THE FOUR SEASONS OF JACKIE ROBINSON
This year marks the 75th anniversary of Jackie Robinson's Major League Baseball (MLB) rookie season (1947) as well as the 50th anniversary of the untimely passing (1972) of this truly remarkable man. I just finished reading a newly released biography titled TRUE: The Four Seasons of Jackie Robinson, by Kostya Kennedy and published by St Martin's Press. This book is an unconventional but innovative biography in that it examines four transformative years in Mr Robinson's inspired life:
1946, his first year playing minor league ball for the Montreal Royals; 1949, when he won the Most Valuable Player award in just his third season of his MLB career with the Brooklyn Dodgers; 1956, his final season; and 1972, the year of his untimely passing. Each of these four chapters are titled after the four seasons - Part One:Spring (1946), Part Two:Summer (1949), Part Three:Autumn (1956) and Part Four:Winter (1972). Hauntingly, if not appropriately, there is a "fifth" chapter titled The Afterlife, which affirms in the author's words, "Whatever the context and circumstances, Jackie Robinson remained true -- true to the effort and the mission, true to his convictions and contradictions."
While the organization and content of the book evokes The Holy Bible's Ecclesiastes 3 ("To every thing there is a season, and a time to every purpose under the heaven ..."), it also gives fresh, new insights and deeper context into information about Mr Robinson's life. This is accomplished by a vivid writing style that brings to life these four transformative years through interviews with fans and players as well as surviving family members who witnessed Robinson's impact in both public and private venues. One such example is the memorable steal of home plate by Robinson in Game One of the 1955 World Series (eventually won by the Dodgers in seven games vs the Yankees). In a very close play, the umpire ruled it safe, much to the vehement chagrin of Yankee catcher Yogi Berra. The image of Robinson sliding in safely conveys a sense of determination, defiance and triumph in the face of adversity. In the ensuing decades and long after the passing of Jackie Robinson, the "out, safe" exchange continued whenever Berra would encounter Rachel Robinson (Jackie's widow). Typically, in his gregarious manner, Berra would say "Out" when he would see Rachel, and in return, with a gentle smile she would say "Safe." This lifelong exchange had a special poignancy in 2015 when at a celebration for Berra's 90th birthday, Rachel greeted the Hall of Fame Yankee catcher by sweeping her hands out, palms down, giving the "Safe" sign while Berra replied by giving the "Out" sign with his right hand. The two then gave each other a big smile and embraced.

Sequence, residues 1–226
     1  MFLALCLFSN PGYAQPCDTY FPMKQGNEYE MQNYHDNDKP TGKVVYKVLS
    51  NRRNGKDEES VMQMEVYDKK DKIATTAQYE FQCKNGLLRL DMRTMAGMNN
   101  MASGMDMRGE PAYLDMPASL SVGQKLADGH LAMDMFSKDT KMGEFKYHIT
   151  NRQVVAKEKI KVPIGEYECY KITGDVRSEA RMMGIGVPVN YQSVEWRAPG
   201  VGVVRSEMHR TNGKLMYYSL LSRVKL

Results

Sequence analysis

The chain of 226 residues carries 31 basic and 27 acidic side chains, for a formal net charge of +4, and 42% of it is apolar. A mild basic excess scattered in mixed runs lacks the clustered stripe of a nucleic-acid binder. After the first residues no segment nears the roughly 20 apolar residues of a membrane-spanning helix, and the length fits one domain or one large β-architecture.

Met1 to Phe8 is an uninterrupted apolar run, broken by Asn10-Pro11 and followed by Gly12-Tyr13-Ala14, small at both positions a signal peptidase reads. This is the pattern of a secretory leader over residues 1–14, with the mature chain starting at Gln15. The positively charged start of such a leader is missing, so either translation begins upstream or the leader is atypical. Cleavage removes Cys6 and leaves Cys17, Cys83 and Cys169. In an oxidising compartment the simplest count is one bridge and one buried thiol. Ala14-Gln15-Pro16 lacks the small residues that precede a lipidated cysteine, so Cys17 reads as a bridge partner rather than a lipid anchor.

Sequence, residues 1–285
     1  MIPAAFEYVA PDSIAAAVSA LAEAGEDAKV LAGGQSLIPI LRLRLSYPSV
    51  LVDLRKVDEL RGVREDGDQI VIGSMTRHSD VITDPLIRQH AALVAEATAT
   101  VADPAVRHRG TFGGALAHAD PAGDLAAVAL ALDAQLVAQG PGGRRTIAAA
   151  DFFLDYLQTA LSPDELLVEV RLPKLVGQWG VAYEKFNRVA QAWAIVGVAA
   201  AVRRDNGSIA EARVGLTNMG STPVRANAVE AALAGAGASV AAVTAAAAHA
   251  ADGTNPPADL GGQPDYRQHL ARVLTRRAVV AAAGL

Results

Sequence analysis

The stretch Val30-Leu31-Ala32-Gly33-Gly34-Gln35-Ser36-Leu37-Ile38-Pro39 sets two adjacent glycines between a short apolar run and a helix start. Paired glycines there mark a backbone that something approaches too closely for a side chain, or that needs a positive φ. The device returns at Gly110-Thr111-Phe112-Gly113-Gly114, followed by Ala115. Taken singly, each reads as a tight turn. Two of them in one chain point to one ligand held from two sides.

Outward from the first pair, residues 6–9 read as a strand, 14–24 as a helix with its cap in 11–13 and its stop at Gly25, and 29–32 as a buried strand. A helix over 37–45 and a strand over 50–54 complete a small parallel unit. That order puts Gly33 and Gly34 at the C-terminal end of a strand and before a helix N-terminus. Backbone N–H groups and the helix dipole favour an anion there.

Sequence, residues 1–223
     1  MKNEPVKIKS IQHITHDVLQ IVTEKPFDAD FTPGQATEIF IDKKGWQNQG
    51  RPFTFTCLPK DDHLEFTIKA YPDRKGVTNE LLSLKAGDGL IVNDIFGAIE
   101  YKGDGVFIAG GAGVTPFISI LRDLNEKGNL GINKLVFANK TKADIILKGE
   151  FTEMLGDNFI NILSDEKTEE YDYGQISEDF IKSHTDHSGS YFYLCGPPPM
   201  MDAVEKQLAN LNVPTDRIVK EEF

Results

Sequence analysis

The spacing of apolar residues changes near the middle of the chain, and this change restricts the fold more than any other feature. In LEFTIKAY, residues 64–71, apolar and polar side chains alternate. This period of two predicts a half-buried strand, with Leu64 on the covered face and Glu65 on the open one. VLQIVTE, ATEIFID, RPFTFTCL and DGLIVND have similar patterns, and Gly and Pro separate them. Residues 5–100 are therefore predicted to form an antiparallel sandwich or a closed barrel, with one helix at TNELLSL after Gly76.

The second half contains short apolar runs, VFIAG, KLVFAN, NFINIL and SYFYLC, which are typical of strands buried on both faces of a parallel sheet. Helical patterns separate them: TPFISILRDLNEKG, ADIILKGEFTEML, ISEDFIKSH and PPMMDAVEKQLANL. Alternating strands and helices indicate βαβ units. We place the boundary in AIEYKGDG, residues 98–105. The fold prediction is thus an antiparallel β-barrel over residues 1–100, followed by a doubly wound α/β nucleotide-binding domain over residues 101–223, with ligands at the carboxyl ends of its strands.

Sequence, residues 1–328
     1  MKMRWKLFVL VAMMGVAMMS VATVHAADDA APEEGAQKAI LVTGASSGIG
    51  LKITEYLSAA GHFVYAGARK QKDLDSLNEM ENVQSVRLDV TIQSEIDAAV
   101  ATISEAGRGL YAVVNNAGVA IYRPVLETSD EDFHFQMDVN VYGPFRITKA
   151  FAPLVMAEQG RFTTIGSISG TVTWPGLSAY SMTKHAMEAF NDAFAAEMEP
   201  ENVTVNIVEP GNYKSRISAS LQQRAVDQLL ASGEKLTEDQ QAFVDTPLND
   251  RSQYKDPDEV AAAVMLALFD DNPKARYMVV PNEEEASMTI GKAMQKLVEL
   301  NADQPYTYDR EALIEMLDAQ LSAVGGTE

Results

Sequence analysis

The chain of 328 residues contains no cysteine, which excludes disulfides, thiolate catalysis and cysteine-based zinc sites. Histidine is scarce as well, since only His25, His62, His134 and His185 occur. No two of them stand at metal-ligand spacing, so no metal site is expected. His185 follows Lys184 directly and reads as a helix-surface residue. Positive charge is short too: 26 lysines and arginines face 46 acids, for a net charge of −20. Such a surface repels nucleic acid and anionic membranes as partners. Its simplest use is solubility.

In reading this wonderful biography, yours truly vividly recalled the beautiful eulogy delivered by the Reverend Jesse Jackson in 1972 at the memorial service for Mr Robinson. The Reverend Jackson movingly described Robinson as "...the Black Knight in a Chess game. He was checking the King's bigotry and the Queen's indifference. He turned a stumbling block into a stepping stone ... and his body, his mind, his mission cannot be held down by a grave." The closing chapter of TRUE features a photograph of Robinson's grave site depicting Mr Robinson's very own words as his epitaph: "A life is not important except in the impact it has on other lives."
As a man of faith, a lifelong fan of Jackie Robinson and one who loves baseball, this biography affirms that this truly great man is Safe at Home. Please join us here at the Galaxy Nostalgia Network by celebrating the inspired life of Jackie Robinson not only by checking out this new biography but also through acts of charity to others.